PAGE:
In every living cell, bulky proteins must maneuver through the densely packed nucleosomes to access the genes so that the DNA can be copied first into RNA and then into protein. That process occurs at thousands of genes in every cell in the body and results in giving each cell its unique instructions for example, telling a liver cell how to be a liver cell and not a brain cell.
But scientists have limited understanding of how the cell gains access to individual genes that are tightly compacted into chromosomes.
"We know that nucleosomes serve to compact the DNA to fit into a cell nucleus; what remains a long-standing mystery is how genes - encoded by the DNA - are unwound from the nucleosomes to allow access for copying their instructions into proteins with a specific biological outcome for the cell," Nyborg said. "The cell faces an enormous paradox it must tightly wrap the DNA around nucleosomes for compaction, but at the same time it must unwrap the DNA at specific sites to turn a gene on."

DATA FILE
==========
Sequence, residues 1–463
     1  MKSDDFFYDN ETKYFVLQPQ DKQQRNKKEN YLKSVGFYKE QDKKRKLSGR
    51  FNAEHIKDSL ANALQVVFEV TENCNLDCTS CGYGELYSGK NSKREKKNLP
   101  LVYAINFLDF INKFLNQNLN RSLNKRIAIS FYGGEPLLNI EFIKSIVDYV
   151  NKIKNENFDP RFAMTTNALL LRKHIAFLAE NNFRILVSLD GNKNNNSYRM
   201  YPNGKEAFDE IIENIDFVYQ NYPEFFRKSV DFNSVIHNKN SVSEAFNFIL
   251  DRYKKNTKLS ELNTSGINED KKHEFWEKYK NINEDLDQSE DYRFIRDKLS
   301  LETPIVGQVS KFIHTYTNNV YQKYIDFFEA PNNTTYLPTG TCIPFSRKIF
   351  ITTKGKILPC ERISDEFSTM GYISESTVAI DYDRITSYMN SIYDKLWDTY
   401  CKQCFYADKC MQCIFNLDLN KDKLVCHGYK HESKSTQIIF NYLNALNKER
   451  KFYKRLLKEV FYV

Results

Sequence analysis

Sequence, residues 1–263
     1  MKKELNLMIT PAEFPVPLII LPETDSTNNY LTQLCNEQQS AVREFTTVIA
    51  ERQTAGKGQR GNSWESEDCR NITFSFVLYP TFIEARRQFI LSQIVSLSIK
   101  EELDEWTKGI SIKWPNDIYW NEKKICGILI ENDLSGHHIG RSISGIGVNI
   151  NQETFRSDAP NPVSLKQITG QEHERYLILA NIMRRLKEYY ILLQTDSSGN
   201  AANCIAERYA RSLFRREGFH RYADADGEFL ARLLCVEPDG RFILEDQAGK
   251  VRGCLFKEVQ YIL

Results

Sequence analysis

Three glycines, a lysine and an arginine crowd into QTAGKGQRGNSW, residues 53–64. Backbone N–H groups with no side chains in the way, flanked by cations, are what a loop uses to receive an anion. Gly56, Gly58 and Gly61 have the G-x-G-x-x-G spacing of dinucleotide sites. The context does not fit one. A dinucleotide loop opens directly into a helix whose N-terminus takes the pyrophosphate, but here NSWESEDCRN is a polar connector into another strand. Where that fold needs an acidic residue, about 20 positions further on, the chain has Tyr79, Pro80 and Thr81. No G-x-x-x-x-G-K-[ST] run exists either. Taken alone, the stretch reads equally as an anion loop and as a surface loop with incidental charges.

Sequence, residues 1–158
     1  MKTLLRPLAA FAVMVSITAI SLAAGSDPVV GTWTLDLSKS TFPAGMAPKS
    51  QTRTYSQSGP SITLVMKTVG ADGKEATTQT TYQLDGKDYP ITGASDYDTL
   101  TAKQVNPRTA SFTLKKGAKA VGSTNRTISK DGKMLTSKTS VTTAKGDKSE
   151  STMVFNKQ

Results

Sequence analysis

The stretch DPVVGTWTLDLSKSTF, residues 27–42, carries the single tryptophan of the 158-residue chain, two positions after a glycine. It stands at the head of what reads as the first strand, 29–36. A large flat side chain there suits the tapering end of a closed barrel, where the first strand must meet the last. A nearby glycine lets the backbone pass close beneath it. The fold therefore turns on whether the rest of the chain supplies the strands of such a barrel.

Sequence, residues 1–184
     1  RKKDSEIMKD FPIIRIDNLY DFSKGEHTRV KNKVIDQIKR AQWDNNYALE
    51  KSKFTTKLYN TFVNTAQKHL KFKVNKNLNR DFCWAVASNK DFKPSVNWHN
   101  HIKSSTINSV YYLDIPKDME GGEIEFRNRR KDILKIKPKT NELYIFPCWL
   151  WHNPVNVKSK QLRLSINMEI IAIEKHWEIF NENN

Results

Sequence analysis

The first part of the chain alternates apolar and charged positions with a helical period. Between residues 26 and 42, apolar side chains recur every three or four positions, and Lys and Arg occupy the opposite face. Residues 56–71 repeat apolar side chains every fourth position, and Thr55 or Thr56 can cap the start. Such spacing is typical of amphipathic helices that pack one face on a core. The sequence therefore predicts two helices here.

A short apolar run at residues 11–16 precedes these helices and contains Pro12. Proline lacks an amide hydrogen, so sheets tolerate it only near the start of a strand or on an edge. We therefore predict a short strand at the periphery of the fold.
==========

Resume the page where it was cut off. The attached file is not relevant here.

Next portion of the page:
The key to this process is manipulating the nucleosomes. The cell must strategically move or remove nucleosomes from the DNA to gain access to the underlying gene.
To understand more about how genes function in their densely packed intracellular environment, the three women will tackle three independent, yet highly interdependent biochemistry research projects through the grant:
|Contact: Emily Wilmsen|
Colorado State University